The Federal Electricity Commission (CFE) already has permission to intervene in two areas of the Primavera Forest for the next 30 years. The energy obtained during that time seems too high a price if you think about the thousands of years that the forest has lived and the thousands more it could live if it is kept safe from the threats it faces
The Primavera Forest is at serious risk. Although it supplies environmental services to the metropolitan area of Guadalajara and is a vibrant and bio-diverse area, the proposed geothermal power generation that drives the Federal Electricity Commission (CFE) in the heart of the terrain— declared as a Natural Protected Area by the federal government and Biosphere Reserve by the United Nations Educational, Scientific and Cultural Organization (UNESCO)— threatens its livelihood.
The history of geothermal exploitation in the forest began since the late 1970s, but had to be suspended in 1989 because the infrastructure work associated with the exploration caused a strong environmental impact and contamination in the area.
However, the project looks closer than ever right now: the CFE already has permits, for the next 30 years, to explore and exploit the sites known as Cerritos Colorados and Planillas, which is to say six thousand hectares where the forest's greatest diversity of flora and fauna is, states Arturo Curiel Ballesteros, head of the Scientific Committee of the Decentralized Public Organization (OPD) about the Primavera Forest.
There is also an amount of 285 million pesos in the CFE designated this year to begin the work that, according to the specialists consulted, would generate irreversible damage to the environment of the forest and would affect the environmental dynamics of the metropolitan area of Guadalajara (ZMG).
Satellite picture of the Primavera Forest and the metropolitan area of Guadalajara.
After the Energy Reform of 2014, and with the approval of the Geothermal Energy Act, performing geothermal works of exploration and exploitation of sites declared as Protected Natural Areas (ANP) is not prohibited. According to the regulations on the matter, this type of energy exploitation is of national interest and is “preferred over any other use or exploitation of the subsoil of the land.” Nevertheless, the execution of a project of this type in the Primavera could be expensive environmentally speaking. Even though the Cerritos Colorados geothermal plant would have, in its first stage, a capacity of 25 megawatts (mw)— enough to supply a community of no more than 10 thousand homes— the effects on this area could diminish their capacity because in addition, during subsequent phases, they would seek to explore and create new wells in the Planillas area, one of the best preserved in the forest.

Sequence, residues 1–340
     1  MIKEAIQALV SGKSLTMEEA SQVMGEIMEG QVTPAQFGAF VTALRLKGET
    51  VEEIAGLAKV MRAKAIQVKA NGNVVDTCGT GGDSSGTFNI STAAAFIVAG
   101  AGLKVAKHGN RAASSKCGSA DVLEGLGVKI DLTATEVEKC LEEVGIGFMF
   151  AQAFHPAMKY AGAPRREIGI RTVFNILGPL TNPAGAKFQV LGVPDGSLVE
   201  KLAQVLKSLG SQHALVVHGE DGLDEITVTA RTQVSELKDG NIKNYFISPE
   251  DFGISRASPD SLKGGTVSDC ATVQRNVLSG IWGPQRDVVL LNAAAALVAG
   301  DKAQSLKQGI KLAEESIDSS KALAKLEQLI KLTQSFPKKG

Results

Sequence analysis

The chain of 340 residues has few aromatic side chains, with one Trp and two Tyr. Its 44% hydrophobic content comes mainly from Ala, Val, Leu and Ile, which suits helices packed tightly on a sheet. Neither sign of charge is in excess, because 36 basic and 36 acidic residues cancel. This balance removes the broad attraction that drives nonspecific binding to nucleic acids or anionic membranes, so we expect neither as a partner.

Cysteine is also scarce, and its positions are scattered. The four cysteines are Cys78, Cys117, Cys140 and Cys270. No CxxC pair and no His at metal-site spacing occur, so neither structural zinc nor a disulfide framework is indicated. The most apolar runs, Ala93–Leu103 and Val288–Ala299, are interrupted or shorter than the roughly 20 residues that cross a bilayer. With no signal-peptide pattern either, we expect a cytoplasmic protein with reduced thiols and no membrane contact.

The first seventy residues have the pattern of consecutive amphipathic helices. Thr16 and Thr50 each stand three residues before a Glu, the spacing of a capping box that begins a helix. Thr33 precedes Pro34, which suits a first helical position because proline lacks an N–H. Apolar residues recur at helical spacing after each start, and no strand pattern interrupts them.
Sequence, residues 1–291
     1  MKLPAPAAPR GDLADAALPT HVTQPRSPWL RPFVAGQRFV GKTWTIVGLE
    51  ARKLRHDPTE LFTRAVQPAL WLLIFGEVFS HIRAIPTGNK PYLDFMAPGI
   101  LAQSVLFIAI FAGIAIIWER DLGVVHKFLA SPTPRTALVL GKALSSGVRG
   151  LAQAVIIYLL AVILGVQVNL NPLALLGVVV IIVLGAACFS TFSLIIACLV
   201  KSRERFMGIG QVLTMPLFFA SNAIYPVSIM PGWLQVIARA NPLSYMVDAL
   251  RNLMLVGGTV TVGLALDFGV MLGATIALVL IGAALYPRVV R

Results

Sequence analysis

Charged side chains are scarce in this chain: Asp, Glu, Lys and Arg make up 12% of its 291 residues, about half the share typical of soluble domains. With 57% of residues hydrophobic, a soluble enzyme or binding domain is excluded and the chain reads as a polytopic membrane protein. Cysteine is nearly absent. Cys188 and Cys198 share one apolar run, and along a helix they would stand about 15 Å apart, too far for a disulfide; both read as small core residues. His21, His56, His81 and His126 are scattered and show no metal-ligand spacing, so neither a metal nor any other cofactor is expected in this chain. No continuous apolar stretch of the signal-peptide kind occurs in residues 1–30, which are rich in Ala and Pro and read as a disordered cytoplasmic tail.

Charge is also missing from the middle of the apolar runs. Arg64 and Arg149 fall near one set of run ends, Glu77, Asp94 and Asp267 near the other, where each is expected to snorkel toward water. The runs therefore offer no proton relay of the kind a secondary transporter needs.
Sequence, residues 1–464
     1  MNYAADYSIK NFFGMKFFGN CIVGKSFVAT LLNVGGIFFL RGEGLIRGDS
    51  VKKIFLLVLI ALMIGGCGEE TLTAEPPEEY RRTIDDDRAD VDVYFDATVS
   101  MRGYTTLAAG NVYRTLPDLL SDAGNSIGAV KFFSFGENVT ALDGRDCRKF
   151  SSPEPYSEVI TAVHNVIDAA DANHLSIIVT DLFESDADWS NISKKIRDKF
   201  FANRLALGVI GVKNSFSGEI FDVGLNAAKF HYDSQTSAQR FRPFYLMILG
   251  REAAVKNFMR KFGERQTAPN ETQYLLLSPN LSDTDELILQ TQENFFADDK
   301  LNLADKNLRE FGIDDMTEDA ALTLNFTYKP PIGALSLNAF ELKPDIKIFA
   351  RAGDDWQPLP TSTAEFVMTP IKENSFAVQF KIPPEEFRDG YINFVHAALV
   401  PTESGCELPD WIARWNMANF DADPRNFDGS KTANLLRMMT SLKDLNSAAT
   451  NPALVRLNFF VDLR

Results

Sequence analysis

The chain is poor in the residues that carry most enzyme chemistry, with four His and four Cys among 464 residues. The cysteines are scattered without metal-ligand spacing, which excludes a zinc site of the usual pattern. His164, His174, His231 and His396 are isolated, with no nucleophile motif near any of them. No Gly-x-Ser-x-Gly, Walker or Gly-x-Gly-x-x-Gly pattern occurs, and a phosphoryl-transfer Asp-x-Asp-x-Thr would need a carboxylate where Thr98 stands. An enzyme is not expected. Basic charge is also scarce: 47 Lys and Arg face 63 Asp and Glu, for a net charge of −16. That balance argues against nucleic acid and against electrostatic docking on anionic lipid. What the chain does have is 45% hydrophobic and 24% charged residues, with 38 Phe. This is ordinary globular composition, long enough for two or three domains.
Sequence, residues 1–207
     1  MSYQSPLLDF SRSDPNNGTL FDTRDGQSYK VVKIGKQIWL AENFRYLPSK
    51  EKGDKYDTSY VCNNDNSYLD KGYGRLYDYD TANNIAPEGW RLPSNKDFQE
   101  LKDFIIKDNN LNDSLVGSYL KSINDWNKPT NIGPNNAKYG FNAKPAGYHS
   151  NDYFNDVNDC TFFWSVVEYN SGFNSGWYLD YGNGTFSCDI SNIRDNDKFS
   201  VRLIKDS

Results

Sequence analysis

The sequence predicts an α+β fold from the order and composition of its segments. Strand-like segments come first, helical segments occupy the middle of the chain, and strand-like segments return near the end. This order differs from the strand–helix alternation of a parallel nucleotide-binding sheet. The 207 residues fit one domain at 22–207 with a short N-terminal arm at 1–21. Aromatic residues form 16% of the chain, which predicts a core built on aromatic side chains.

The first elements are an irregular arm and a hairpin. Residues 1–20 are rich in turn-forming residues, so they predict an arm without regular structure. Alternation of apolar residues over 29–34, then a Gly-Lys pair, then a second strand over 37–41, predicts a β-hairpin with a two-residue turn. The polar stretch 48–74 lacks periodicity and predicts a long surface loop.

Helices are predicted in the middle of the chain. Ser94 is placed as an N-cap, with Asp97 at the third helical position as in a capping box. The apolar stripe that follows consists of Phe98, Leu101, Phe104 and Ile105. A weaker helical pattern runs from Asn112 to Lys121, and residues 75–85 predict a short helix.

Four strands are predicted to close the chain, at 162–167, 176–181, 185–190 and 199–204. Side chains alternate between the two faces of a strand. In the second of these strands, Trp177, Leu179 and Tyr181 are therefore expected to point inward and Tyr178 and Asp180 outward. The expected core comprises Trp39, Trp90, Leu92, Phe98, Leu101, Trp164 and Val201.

“The forest offers multiple services. If it has survived 140,000 years, it has the ability to continue operating for the next thousand, but not geothermal energy because it exploits a heat that has been stored, in the case of the Primavera, for 60,000 years, and in the moment that it is exploited, it will begin to decline. On the other hand, although geothermal energy is regularly qualified as alternative energy, it is considered as neither clean nor sustainable when compared with solar energy,” says Curiel Ballesteros.
Geothermal energy uses the heat contained in the depths of the earth and reaches its greatest potential in volcanic sites or tectonic faults. To produce it, the ground must be drilled into up to three kilometers so as to reach areas of high water pressure and temperature (in the case of Cerritos Colorados, it has been measured up to 250°c), in order to make it rise to the surface in the form of vapor.
“It's a kind of pressure cooker in the caldera of the volcano which is two thousand meters deep; they put in a tube which takes outthe pressurized water to generate power, and the entire time you will have a column of hot steam with toxic particles. That will affect the entire forest ecosystem; microclimate will change, and vapors, by the logic of the winds, will eventually arrive at Guadalajara,” analyzesSandra Valdés Valdés, academic from the ITESO, The Jesuit University of Guadalajara, and head of the Committee for the OPD of the Primavera Forest.